Dunno where I wrote advocating "mass transit all over town" in my post but sorry if you misunderstood slightly. We definitely do need more of it, I wasn't suggesting criss crossing town with it however. I am fully aware of how financially infeasible it is. Besides, it's spell's job to constantly remind us all of that in case we forget.

I also understand the inertia of the American mentality. However you would be surprised to see how quickly that will change as gas prices go to $5/gal... $6/gal... $7/gal... The world isn't about to run out of oil, but it is definitely running out of cheap easy to extract oil. And as more Miamians urbanize, it will get easier and more politically sensible to build metrorail.
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Old April 15th, 2012, 07:55 PM   #4205
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RE: city density

There is a GREAT podcast (and also website) called Strong Towns which makes the argument that only the dense part of cities pay their way in taxes. All the far flung infrastructure we've built since WW-2 is slowly bankrupting every form of government. The average suburban household doesn't pay enough in taxes to even cover the costs of maintaining the road outside their home, let alone provide other local government services.

The new urbanists have given us arguments about quality of life, but Strong Towns looks at the financial picture, which is frightening. I can't recommend the podcast enough.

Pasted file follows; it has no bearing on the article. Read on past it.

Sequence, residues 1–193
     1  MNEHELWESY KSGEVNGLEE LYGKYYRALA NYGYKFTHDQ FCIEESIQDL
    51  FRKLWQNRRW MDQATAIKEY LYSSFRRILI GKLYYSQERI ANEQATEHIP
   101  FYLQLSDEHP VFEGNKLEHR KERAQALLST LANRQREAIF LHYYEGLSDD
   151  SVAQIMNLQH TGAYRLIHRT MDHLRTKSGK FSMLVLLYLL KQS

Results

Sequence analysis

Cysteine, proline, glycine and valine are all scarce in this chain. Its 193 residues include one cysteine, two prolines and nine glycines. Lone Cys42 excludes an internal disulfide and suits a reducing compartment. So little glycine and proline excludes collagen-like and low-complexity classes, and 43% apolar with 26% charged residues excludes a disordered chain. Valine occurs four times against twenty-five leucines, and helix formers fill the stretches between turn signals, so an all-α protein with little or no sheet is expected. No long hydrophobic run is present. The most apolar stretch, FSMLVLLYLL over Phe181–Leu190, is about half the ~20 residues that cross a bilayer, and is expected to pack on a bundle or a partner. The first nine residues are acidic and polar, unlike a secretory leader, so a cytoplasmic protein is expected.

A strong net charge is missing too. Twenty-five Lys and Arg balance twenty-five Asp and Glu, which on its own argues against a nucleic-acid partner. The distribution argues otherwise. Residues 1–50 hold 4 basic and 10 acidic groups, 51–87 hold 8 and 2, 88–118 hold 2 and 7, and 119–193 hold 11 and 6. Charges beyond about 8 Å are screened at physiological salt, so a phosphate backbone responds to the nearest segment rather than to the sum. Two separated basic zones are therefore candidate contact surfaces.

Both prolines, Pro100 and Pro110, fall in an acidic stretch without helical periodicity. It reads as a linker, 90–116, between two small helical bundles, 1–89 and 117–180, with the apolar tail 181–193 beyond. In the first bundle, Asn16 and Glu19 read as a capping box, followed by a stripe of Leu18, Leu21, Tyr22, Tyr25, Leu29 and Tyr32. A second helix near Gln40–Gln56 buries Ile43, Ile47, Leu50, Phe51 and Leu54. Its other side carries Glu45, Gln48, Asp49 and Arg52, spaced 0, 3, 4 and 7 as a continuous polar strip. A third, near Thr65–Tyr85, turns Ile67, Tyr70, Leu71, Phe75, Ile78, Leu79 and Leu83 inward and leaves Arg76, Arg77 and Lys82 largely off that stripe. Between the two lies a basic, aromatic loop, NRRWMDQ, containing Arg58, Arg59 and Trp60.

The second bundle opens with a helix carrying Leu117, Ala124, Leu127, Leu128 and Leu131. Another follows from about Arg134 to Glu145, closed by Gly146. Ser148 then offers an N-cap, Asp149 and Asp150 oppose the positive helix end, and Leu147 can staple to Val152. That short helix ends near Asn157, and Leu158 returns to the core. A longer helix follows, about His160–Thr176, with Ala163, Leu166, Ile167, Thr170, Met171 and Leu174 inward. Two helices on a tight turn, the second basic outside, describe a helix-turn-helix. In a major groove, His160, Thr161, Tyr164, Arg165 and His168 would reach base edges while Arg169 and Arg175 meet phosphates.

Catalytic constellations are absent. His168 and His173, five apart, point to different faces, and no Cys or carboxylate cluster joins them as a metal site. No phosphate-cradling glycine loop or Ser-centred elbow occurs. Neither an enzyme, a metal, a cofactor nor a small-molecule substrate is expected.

They did a presentation in Miami a few months ago or so. I'd say there were 75 people there, but sadly, I didn't see any government officials who need to hear the financial argument the most (before they inadvertently completely bankrupt our future).
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Old April 16th, 2012, 02:21 AM   #4206
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Looks good I'll check it out.
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Old April 16th, 2012, 08:46 PM   #4207
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SPEED LIMIT

Step on the brakes: I-95 in Broward about to lower speed limit.


The installation of express lanes on I-95 in Broward is causing some sections of the highway to reduce the speed limit to 55 mph on Tuesday.

By Michael Vasquez

mrvasquez@MiamiHerald.com


Eventually, the addition of “express lanes” to Interstate 95 in Broward County should speed up the daily commute. But first, get ready for the slowdown.